26% of the population has suffered from orofacial pain at some point.
It can be either odontogenic (coming from teeth) or non-odontogenic. Cracked mandibular (lower) molars are the most common source of unexplained orofacial pain.
The perception of orofacial pain is intricately related to understanding the trigeminal nerve. It is the part of the nervous system responsible for sending pain, touch, and temperature sensations from your face to your brain. The 3 main sensory branches of the trigeminal nerve are: (V1) ophthalmic branch, which innervates the forehead and eye, (V2) maxillary branch, which innervates cheek and upper lip, and (V3) mandibular branch, which innervates the lower face and jaw. Other nerves can also cause head and neck discomfort. For example, the innervation of the posterior part of the head is by the 2nd and 3rd cranial nerves. In addition, the glossopharyngeal nerve innervates the rear part of the tongue.
We can classify the acute types of oro-facial pain in the following categories:
- Odontogenic or non-odontogenic
- Atypical odontalgia
- Cluster headache
Odontalgia means tooth pain. There is a relationship between odontogenic pain and dentoalveolar pathology. Therefore, we can eliminate it by local anesthetic injection. Examples are teeth abscesses or a dry socket. Non-odontogenic pain is non dentoalveolar pain. Examples include aphthous ulcers, TMJ disorders, burning mouth syndrome, salivary gland infections, necrotizing ulcerative gingivitis, and sinusitis.
Neuralgias as also sources of non-odontogenic pain and include:
- Tic Douloreaux: triggered by touch, chewing, or brushing (related to cranial nerve 5)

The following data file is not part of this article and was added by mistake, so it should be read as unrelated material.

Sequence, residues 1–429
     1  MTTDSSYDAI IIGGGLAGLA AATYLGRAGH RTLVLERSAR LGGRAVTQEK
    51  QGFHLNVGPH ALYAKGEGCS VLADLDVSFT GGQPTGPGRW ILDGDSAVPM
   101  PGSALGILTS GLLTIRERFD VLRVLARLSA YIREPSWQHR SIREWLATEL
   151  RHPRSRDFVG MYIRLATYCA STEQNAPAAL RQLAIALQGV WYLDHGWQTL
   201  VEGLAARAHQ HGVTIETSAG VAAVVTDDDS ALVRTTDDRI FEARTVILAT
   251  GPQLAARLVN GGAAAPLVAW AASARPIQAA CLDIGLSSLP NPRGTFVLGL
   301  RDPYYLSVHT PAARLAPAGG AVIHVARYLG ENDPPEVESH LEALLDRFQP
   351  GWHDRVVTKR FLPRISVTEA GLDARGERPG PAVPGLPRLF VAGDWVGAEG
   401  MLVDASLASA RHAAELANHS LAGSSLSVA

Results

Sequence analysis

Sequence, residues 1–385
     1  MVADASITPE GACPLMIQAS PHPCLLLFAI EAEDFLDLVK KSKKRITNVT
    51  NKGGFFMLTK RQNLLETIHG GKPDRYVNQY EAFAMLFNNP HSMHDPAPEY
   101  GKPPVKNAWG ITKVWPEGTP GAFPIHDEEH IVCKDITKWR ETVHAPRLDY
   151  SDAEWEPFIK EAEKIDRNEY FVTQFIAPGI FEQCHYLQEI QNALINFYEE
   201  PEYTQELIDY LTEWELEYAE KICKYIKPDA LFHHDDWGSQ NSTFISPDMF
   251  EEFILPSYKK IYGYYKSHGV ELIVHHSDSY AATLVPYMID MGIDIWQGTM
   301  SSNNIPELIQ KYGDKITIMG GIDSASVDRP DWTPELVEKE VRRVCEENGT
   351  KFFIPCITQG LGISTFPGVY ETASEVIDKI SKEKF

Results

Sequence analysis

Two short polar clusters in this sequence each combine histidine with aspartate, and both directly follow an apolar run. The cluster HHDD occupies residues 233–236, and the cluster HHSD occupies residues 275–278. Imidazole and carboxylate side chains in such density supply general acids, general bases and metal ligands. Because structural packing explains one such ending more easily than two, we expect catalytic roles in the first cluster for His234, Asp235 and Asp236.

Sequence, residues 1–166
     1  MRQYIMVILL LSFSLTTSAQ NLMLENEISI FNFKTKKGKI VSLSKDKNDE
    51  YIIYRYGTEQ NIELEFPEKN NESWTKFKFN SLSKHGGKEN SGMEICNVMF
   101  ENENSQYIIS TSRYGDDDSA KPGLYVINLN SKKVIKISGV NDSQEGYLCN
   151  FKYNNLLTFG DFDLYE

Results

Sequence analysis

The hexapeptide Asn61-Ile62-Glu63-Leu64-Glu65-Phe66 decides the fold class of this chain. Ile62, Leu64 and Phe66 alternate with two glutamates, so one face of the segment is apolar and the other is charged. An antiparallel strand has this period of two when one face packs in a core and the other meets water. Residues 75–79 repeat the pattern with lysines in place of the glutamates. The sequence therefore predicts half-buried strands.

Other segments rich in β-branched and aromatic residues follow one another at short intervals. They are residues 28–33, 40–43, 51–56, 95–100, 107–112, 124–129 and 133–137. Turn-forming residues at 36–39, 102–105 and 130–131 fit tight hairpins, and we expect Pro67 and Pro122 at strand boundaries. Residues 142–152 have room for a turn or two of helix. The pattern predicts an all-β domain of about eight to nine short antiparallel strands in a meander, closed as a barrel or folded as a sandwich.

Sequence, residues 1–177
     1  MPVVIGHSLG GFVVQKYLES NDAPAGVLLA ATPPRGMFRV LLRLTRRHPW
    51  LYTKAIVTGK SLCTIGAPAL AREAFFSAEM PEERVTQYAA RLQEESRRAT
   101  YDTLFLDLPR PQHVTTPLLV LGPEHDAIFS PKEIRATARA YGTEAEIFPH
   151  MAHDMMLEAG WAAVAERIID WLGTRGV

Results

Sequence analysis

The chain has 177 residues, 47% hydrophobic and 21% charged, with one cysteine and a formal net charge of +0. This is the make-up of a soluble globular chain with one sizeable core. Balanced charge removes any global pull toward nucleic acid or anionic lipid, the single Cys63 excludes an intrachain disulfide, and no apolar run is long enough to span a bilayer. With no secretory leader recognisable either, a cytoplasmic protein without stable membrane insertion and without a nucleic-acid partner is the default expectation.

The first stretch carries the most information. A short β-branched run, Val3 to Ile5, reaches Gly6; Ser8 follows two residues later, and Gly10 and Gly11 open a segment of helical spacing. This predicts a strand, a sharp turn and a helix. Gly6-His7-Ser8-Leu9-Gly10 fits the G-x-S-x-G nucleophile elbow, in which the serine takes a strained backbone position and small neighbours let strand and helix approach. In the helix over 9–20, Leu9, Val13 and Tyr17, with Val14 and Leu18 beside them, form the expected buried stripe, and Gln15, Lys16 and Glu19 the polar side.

- Glossopharyngeal pain: (related to cranial nerve IX) triggered by swallowing, coughing, sneezing, or ear pressure
In terms of pain management, the pharmacological approach aims to optimize analgesia. The first step is for Dr. Hawryluk to determine the etiology (cause of the pain). He will determine if the pain caused is an infection, trauma, or something else. We need to consider the patient’s age, cardiovascular function, renal function, and whether or not they are immunocompromised.
If there is an infectious cause, we have to consider the use of:
- Topical antibiotics, such as chlorhexidine (Peridex)
- Topical antiseptics, such as sodium perborate (amosan) – which is very effective but strangely rarely used by dentists
- Combined topical antiseptics/analgesics such as benzydamine (Tantum)
If topical antibiotics are not sufficient, we have to use systemic antibiotics. The length of therapy usually lasts 7-10 days when appropriate. The only thing you achieve with short-duration antibiotic use is an adverse outcome- antibiotic resistance.
- Amoxicillin 250-500mg p.o every 8 hours
- Amoxicillin/clavulanate (500mg amox, 125mg clav, p.o, every 8 hours)
- clarithromycin (250-500mg) p.o every 12 hours — if patients allergic to penicillins
To learn more about antibiotics in dentistry, please visit us here:
In addition to antibiotics, some patients will need medications to help with pain during dental infections. Children are a special group when considering pain control. Some common children’s pain medications prescribed (after a though in-person exam) are:
For children in mild to moderate pain;
- 12 years or younger: acetaminophen 12-15mg/kg q4h (max of 65 mg/kg/day)
For moderate to severe pain;
- 12 years or younger 10mg/mg q4-6h ibuprofen
- over 12 years 200-400 mg q4h ibuprophen
If possible, St. Lawrence Dentistry will manage dental discomfort without using opioids. “Codeine” is not approved for children 12 years and under in Canada. The FDA does not recommend codeine for patients under 18 years old
We hope you have found this article informative. If you’re looking for a new dentist in Mississauga, please call us!